Þingvellir, Pingvellir or Thingvellir?
You may see Thingvellir spelt as Þingvellir, which is the Icelandic spelling dating back to the Viking alphabet and Old Norse. Thingvellir, on the other hand, is simply the anglicized version.
Þingvellir uses the Icelandic letter thorn (Þ), which looks like a ‘p’. For this reason, you may see it written as a Pingvellir. The letter ‘Þ’ actually sounds like ‘th’, such as in the English word ‘think’. The Park is most commonly referred to as Thingvellir in tourist literature.
Thingvellir National Park Visitor Center
Thingvellir National Park is open 24/7 and is free to enter; however, there is a small charge for parking. Take a trip to Thingvellir National Park Visitor Center to see a fascinating exhibition called ‘Heart of Iceland’. You will learn all about the Park’s history and natural landscapes. You’ll also find a souvenir and gift shop at the National Park Visitor Center, as well as a coffee shop. This way, you can enjoy a light refreshment during your exploration of Thingvellir.
Camping at Thingvellir National Park
If you’re planning to camp during your trip to Iceland, you’ll be pleased to know that there are several campgrounds at Thingvellir National Park. All of them are within walking distance of the National Park Visitor Center. No reservations are required (or allowed!) at these campgrounds – simply turn up on the day. During summer, rangers look after the camping areas each day and also during the nights on weekends.
Ten Interesting Facts About Thingvellir National Park
- Over 1 million people visit Thingvellir National Park each year.
- The beautiful wooden Thingvellir Church, which dates back to 1859, can be found at Thingvellir National Park. A church has stood on this site for over 1000 years.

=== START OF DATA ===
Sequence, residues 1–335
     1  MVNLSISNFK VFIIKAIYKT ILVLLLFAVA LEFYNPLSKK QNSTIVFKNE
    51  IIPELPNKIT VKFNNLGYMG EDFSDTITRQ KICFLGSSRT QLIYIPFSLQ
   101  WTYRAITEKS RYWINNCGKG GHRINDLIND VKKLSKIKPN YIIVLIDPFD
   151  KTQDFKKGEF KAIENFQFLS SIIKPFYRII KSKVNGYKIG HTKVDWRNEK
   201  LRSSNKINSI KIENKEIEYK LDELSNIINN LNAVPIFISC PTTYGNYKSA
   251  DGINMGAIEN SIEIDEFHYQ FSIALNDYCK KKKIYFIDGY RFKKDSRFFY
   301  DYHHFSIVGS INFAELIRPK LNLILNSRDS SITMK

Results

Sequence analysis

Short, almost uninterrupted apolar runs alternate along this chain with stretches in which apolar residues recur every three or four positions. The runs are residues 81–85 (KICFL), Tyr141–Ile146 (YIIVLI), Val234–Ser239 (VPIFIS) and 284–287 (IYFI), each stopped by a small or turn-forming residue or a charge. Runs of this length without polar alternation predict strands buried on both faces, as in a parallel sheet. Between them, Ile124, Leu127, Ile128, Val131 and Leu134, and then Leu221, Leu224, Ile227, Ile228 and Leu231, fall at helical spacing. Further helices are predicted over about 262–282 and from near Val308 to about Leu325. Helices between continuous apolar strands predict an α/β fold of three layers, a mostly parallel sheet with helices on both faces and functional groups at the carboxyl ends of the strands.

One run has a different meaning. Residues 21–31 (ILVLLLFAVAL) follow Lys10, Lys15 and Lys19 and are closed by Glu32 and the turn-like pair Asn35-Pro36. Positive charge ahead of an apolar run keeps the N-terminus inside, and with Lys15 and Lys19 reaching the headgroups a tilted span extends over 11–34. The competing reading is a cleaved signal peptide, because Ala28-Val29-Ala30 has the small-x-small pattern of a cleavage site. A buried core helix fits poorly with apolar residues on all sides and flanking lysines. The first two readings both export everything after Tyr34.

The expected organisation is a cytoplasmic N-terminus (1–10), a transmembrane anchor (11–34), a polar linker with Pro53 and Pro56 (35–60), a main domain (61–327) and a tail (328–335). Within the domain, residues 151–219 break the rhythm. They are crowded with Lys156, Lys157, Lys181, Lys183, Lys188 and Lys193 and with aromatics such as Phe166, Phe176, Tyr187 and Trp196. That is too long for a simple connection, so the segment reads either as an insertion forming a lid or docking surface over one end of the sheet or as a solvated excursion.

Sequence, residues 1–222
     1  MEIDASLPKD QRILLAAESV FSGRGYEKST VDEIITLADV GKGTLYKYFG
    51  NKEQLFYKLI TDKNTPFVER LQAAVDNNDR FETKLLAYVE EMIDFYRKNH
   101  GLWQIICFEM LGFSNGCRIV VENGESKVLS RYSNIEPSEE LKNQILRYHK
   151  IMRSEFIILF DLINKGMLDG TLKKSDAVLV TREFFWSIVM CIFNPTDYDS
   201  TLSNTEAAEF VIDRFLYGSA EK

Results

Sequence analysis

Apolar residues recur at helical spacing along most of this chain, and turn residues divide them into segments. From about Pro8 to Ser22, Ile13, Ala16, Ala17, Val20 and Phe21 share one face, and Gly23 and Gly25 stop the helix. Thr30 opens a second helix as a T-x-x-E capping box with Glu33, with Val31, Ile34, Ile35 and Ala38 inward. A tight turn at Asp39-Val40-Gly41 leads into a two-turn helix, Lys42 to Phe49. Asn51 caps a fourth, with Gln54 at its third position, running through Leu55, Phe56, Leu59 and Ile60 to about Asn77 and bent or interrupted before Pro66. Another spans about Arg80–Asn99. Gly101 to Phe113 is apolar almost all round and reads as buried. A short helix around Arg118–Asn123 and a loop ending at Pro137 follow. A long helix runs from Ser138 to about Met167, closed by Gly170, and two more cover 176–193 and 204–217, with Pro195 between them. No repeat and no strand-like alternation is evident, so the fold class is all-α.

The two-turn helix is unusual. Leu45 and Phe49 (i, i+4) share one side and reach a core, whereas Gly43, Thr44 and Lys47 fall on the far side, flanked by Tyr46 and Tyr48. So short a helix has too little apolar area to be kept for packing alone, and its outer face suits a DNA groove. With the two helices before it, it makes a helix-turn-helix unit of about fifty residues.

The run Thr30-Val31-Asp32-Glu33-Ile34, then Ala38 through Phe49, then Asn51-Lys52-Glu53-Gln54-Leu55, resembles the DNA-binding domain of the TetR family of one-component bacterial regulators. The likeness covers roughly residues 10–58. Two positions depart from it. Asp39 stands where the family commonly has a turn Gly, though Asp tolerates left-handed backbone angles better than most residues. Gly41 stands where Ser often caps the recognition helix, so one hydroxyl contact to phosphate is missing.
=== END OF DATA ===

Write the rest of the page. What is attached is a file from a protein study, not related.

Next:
- Due to its location right on the North American plate and Eurasian plate, Thingvellir National Park is home to many volcanoes. The last volcanic eruption happened 2000 years ago. Since two millennia of dormancy have passed, the question now is when the next eruption will be.
- The first indication of Lake Thingvallavatn, one of the most stunning lakes in Iceland, appeared 12,000 years ago. That's when the Langjökull glacier began to melt.
- Thingvellir National Park is home to diverse animal life. You will find fish, birds, Icelandic horses, Mink Reindeer and the only land mammal native to Iceland: the Arctic fox.
- Big fish called Arctic char can be found in Lake Thingvallavatn, which is one of five species of freshwater fish found in Iceland. Two other of these species are found in the Lake: brown trout and three-spine stickleback.
7. Thingvellir National Park is around 240 square kilometers in size.
8. The Money Rift, Peningjagjá, is a water-filled rift in Thingvellir National Park. Here, visitors traditionally throw in coins for good luck. Dating back to 1907 when the Danish King threw a small coin there when visiting Thingvellir, this custom still survives today. It’s forbidden to throw coins in any other of Thingvellir’s rifts, so make sure you only get your cash out at Peningjagjá.
9. Near the Thingvellir Church is a national burial ground, where the poets Einar Benediktsson and Jónas Hallgrímsson are buried. These famous Icelandic poets influenced Iceland’s political life, which was becoming more autonomous during the 19th and 20th centuries.
10. The Northern Lights, or Aurora Borealis, are often visible at Thingvellir National Park on clear, dark nights.
Ready For the Trip of a Lifetime to Visit Thingvellir?
Take a trip through time at Thingvellir as you discover this Park’s incredible history, geology and cultural significance.
Experience otherworldly landscapes as you travel through the lava fields, rift valleys and ravines of Thingvellir. Dare to discover epic fissures and viewing dramatic waterfalls. Enjoy the famous Thingvellir tectonic plate walk for yourself, as you witness the breathtaking continental divide in Iceland.